bearfan

Ancient Mariner
I think for cities with less infrastructure for sports and to host something like the Olympics, why not make them more regional. I am not sure why they all need to be in one city. If you lump a few cities relatively close to one another, find 2 or 3 cities that already have (or already have plans on the books to build a new facility for other purposes) most of the needed facilities. Transportation being what it is now ... why have everything in one place?
 

LooseCannon

Enterprise-class aircraft carrier
Staff member
That's what Milan is doing for the 2026 Winter Olympics - they're legitimately being held in the entire northern Italy region.
 

bearfan

Ancient Mariner
That's what Milan is doing for the 2026 Winter Olympics - they're legitimately being held in the entire northern Italy region.
Yeah .. you tend to see that more in the Winter games (skiing, etc need to be in a mountain) .. but think they could do more of that in the summer games
 

Perun

In the labyrinth of eternity
Staff member
The Olympics are a very weird event. It has a global focus, but much like the World Cup it hasn't always been the case. I believe in the first two modern day Olympics only about 14 nations participated. The first "global" olympics as we know them today were the Rome 1960 olympics, the very first time it was 100% televised for the whole world to see. This is when we started seeing The olympics serving a couple of purposes, the first being investing in infrastructure AND as a way to promote the city/country for tourism. However, Except for the L.A Olympics that really hasn't been the case.

The worst case being the recent Brazil Olympics and World Cup. The Athlete Villa is falling apart, stadiums are being used as landfills or parking lots or nothing at all. Much of the lose is in the building new arenas whether permanent or temporary and infrastructure such as expanding metro lines, airports and the like. Locals tend to take advantage of the expansion to public transit, but don't really take advantage of new hotels or sports venues. TV rights alone don't generate enough revenue.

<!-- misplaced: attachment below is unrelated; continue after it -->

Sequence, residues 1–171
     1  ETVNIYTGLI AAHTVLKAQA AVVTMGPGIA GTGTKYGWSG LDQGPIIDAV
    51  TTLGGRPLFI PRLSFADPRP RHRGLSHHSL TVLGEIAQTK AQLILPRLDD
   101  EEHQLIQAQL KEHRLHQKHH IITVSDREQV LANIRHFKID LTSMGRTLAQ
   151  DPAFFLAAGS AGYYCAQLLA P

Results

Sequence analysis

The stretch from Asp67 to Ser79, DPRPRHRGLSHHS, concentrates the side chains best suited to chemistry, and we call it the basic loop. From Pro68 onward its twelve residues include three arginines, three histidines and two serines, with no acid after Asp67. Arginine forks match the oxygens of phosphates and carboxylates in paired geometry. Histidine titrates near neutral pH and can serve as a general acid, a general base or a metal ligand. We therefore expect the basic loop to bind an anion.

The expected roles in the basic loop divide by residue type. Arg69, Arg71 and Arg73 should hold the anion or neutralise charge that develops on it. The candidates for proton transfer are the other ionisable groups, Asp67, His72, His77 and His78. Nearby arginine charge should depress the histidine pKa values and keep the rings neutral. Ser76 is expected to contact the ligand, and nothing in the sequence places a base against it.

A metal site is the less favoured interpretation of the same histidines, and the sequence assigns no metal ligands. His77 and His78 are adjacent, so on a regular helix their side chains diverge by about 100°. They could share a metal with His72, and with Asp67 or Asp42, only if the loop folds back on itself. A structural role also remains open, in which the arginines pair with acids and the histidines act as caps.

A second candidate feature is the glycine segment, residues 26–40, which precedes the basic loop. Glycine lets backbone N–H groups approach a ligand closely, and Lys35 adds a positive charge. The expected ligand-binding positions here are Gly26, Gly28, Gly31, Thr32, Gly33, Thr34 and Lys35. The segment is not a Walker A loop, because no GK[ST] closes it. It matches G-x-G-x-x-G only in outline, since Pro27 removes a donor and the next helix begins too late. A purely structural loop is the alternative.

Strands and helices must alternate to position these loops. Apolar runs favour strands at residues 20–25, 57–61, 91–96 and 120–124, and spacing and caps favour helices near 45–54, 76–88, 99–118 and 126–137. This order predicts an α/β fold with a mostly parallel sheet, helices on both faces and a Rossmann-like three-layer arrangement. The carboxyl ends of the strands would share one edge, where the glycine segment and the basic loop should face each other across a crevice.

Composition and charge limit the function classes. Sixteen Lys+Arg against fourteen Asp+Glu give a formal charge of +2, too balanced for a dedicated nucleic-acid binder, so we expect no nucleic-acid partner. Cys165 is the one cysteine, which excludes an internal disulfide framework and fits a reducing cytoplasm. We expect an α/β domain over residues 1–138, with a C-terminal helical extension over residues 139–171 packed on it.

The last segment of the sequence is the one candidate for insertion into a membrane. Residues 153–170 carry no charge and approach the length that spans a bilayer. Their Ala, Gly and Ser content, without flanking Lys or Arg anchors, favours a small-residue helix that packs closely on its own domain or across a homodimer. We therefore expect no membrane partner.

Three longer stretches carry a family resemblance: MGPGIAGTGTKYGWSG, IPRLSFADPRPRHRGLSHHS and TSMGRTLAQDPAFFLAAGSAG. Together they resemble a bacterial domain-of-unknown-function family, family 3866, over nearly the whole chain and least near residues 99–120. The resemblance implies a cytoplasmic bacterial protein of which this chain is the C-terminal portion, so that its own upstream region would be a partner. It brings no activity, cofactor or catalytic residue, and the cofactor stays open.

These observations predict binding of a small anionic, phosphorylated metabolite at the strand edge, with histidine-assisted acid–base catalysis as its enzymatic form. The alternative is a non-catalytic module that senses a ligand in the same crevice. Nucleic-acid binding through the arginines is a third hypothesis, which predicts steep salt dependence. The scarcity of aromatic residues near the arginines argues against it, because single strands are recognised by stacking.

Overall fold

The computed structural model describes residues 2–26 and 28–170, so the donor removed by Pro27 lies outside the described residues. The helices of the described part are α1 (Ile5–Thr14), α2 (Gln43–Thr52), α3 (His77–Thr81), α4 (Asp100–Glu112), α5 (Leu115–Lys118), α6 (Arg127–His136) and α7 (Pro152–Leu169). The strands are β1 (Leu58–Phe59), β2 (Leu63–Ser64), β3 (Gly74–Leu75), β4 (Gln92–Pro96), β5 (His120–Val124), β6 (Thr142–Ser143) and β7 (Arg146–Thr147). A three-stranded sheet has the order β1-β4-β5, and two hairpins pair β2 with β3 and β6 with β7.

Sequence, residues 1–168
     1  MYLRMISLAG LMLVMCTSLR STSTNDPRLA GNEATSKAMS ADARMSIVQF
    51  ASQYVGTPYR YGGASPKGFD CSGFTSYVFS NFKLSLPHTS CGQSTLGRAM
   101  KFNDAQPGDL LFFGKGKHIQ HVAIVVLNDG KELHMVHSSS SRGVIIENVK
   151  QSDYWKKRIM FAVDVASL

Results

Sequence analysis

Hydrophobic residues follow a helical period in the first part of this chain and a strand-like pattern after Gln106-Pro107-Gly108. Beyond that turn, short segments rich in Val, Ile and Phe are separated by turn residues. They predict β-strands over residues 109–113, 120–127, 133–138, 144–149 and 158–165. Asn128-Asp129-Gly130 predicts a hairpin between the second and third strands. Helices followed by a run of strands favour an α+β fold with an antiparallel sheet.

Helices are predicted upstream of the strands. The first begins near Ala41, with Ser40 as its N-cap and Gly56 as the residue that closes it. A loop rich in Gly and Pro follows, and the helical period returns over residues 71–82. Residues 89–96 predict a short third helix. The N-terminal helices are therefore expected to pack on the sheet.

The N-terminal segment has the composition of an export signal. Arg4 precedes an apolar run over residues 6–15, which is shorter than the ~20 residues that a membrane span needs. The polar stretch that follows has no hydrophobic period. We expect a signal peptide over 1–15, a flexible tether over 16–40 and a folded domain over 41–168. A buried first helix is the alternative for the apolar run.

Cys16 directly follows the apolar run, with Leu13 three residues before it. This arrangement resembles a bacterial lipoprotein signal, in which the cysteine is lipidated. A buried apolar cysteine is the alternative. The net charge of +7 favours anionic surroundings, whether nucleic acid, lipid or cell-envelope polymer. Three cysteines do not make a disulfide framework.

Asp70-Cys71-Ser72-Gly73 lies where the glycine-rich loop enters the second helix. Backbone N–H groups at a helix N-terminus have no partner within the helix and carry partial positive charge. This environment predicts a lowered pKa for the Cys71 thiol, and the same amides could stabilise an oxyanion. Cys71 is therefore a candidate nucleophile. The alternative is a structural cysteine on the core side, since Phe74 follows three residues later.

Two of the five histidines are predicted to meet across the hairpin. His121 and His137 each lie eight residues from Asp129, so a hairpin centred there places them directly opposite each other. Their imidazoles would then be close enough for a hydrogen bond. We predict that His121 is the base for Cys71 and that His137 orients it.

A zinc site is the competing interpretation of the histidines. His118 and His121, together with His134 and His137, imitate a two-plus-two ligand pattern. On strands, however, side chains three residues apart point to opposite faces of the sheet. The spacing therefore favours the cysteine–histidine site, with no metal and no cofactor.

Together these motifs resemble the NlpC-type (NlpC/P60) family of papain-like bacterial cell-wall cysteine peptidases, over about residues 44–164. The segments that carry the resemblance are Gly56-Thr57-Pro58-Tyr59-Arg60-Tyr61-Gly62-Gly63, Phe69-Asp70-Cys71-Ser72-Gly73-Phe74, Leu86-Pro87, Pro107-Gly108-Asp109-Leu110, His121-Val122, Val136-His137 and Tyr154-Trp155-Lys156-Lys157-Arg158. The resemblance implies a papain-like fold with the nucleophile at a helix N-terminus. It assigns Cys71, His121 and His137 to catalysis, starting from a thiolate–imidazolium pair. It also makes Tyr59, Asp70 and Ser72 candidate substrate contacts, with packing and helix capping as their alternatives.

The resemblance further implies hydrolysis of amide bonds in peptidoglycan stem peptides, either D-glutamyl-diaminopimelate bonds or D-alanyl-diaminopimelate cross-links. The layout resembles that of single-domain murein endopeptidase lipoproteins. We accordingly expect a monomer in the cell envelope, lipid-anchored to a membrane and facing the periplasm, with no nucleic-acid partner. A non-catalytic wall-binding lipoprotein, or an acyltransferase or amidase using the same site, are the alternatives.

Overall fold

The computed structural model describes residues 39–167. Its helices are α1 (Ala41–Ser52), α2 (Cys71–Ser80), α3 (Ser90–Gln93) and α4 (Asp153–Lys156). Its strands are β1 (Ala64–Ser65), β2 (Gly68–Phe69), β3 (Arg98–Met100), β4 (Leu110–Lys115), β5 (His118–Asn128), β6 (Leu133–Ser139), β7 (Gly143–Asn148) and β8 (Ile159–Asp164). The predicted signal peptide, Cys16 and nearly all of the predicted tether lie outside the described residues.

So yeah, Tokyo is screwed. In fact, cities no longer bid for the Olympics, they are asigned, one of the reason the next ones will be in L.A... again.

Generally agree with you, although there are a few cities and countries that managed to take advantage of the Olympics. Munich is one of them, they made good use of the Olympic compound afterwards and still benefit from the public transit expansion. I was also told by a guy with a South Korean wife that the 1988 Seoul games played a very important role in the democratisation of the country. But for every story like that, there's stories like Montreal or Rio, and it's been a while since there were games with a lasting, positive impact on their host. For decades now, the IOC has been nothing but a parasite making extraordinary demands of its hosts.
 

LooseCannon

Enterprise-class aircraft carrier
Staff member
It was a good night for the good guys last night (Team Canada) - our first ever softball medal when we beat Mexico in the bronze medal game, a bronze in judo, a silver in the pool in 100m backstroke, and gold in women's weightlifting at 64kg. Not bad!
 

Onhell

Infinite Dreamer
I hope to get two corroborating pieces. One says she didn't want to risk injury, another that she didn't want to have a meltdown and hurray for mental health, yet another says she wanted to give the youngins a chance, YET ANOTHER, said she did it to protest the IOC, because she was told she wouldn't be graded on some of her moves, because they were too difficult for other gymnasts to replicate. Finally bone just said all of the above.
 

SinisterMinisterX

Illuminatus
Staff member
Oooh, you forgot "she is the last competing survivor of the US Gymnastics sexual abuse scandal." I saw one piece on CNN's website with that angle.